• Morrison, Heather, Leslie Chan, Michael Geist, Stevan Harnad, Christian Vandendorpe, Olivier Charbonneau, Andrew Feenberg, et al. 2010. “Require Open Access to Results of Research Funded by Canadian Taxpayer.”

  • Moyle, Martin, Justin Tonra, and Valerie Wallace. 2011. “Manuscript Transcription by Crowdsourcing: Transcribe Bentham.” Liber Quarterly 20 (3/4): 347–56.

  • Murray-Rust, Peter, Cameron Neylon, Rufus Pollock, and John Wilbanks. 2010. “Panton Principles: Principles for Open Data in Science.”


  • Narayan, Bhuva, and Edward Luca. 2017. “Issues and Challenges in Researchers’ Adoption of Open Access and Institutional Repositories: A Contextual Study of a University Repository.” Information Research 22 (4).

  • Neylon, Cameron. 2017a. “Openness in Scholarship: A Return to Core Values?” In Expanding Perspectives on Open Science: Communities, Cultures and Diversity in Concepts and Practices. Proceedings of the 21st International Conference on Electronic Publishing, edited by Leslie Chan and Fernando Loizides, 6–18. Amsterdam: IOS Press Ebooks.

  • ———. 2017b. “Sustaining Scholarly Infrastructures through Collective Action: The Lessons That Olson Can Teach Us.” KULA: Knowledge Creation, Dissemination, and Preservation Studies 1 (1): n.p.

  • Neylon, Cameron, Lucy Montgomery, Alkim Ozaygen, Neil Saunders, and Frances Pinter. 2018. “The Visibility of Open Access Monographs in a European Context: Full Report” Open Access Publications in Europe in Areas for Social Sciences and Humanities.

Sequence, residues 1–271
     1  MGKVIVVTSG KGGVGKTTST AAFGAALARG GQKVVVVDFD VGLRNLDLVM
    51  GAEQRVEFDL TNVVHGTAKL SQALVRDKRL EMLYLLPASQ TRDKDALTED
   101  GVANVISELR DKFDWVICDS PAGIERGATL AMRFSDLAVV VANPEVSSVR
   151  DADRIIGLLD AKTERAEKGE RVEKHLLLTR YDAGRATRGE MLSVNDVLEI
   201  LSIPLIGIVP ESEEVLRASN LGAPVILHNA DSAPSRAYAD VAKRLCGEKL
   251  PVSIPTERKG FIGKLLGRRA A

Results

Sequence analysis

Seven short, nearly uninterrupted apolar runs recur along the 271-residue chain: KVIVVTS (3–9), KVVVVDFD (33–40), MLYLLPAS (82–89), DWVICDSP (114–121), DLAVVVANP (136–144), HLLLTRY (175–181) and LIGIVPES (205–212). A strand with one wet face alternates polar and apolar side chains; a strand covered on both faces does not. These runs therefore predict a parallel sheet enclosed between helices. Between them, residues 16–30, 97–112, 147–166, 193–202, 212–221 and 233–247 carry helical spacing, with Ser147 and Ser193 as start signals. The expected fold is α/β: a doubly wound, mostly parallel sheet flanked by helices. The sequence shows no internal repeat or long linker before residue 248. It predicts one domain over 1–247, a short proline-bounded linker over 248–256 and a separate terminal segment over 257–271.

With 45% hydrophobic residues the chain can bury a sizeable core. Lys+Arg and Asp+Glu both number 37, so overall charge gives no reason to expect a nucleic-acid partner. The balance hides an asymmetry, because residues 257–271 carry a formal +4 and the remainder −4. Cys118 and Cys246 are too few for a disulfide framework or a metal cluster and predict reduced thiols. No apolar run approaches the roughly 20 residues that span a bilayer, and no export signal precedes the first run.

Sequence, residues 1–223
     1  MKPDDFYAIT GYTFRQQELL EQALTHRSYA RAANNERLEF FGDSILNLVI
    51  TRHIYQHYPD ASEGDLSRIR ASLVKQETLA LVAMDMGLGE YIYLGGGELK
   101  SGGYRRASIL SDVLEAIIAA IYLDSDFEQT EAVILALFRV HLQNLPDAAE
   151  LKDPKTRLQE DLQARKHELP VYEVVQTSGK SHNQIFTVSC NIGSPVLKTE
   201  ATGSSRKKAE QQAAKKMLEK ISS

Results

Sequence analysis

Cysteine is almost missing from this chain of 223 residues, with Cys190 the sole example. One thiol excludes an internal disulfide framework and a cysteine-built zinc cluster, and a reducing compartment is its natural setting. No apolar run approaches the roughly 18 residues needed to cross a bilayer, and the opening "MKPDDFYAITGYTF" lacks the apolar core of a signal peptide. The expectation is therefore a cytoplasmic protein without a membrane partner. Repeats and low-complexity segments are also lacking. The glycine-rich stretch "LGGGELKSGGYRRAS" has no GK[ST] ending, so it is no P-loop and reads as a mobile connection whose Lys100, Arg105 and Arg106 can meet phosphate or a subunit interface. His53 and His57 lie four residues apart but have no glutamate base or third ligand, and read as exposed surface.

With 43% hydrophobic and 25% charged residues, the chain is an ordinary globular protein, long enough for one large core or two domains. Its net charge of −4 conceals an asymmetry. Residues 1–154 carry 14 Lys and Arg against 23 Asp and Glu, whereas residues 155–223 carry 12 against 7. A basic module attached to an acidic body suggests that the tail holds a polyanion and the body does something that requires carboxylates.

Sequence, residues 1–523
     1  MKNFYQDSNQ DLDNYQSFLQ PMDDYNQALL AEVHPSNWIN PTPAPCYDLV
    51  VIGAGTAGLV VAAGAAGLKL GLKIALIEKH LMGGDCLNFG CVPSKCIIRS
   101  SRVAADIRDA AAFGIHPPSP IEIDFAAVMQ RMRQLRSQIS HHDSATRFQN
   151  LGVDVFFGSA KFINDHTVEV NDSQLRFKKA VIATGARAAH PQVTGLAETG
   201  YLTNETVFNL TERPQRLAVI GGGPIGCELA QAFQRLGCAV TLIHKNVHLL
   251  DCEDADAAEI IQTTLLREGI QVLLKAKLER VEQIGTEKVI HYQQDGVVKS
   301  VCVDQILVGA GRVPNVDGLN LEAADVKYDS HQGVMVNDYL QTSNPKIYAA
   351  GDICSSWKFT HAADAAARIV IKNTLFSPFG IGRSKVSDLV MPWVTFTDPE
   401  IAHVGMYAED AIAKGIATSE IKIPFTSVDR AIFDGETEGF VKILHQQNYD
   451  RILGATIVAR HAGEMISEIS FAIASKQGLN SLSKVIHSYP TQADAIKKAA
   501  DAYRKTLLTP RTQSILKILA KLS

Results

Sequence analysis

• Niles, Meredith T., Lesley A. Schimanski, Erin C. McKiernan, and Juan Pablo Alperin. 2020. “Why We Publish Where We Do: Faculty Publishing Values and Their Relationship to Review, Promotion and Tenure Expectations.” Edited by Sergio A. Useche. PLoS ONE 15 (3): e0228914.

  • Nkoudou, Thomas Herve Mboa. 2020. “Epistemic Alienation in African Scholarly Communications: Open Access as a Pharmakon.” In Reassembling Scholarly Communications: Histories, Politics, and Global Politics of Open Access, edited by Martin Paul Eve and Jonathan Gray, 25–40. Cambridge, MA: MIT Press.

  • Nowviskie, Bethany. 2012. “Evaluating Collaborative Digital Scholarship (of, Where Credit Is Due).” Journal of Digital Humanities 1 (4).


  • Odell, Jere, Heather Coates, and Kristi Palmer. 2016. “Rewarding Open Access Scholarship in Promotion and Tenure: Driving Institutional Change.” College & Research Library News (August): 322–25.